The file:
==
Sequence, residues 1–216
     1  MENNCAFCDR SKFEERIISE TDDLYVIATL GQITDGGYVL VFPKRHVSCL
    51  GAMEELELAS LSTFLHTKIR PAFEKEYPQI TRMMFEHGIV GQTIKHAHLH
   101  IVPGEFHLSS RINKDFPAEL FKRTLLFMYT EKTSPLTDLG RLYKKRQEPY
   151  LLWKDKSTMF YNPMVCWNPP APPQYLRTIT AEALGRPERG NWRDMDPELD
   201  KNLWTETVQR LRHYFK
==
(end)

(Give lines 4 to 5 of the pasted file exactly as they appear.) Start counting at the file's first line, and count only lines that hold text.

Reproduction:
   101  IVPGEFHLSS RINKDFPAEL FKRTLLFMYT EKTSPLTDLG RLYKKRQEPY
   151  LLWKDKSTMF YNPMVCWNPP APPQYLRTIT AEALGRPERG NWRDMDPELD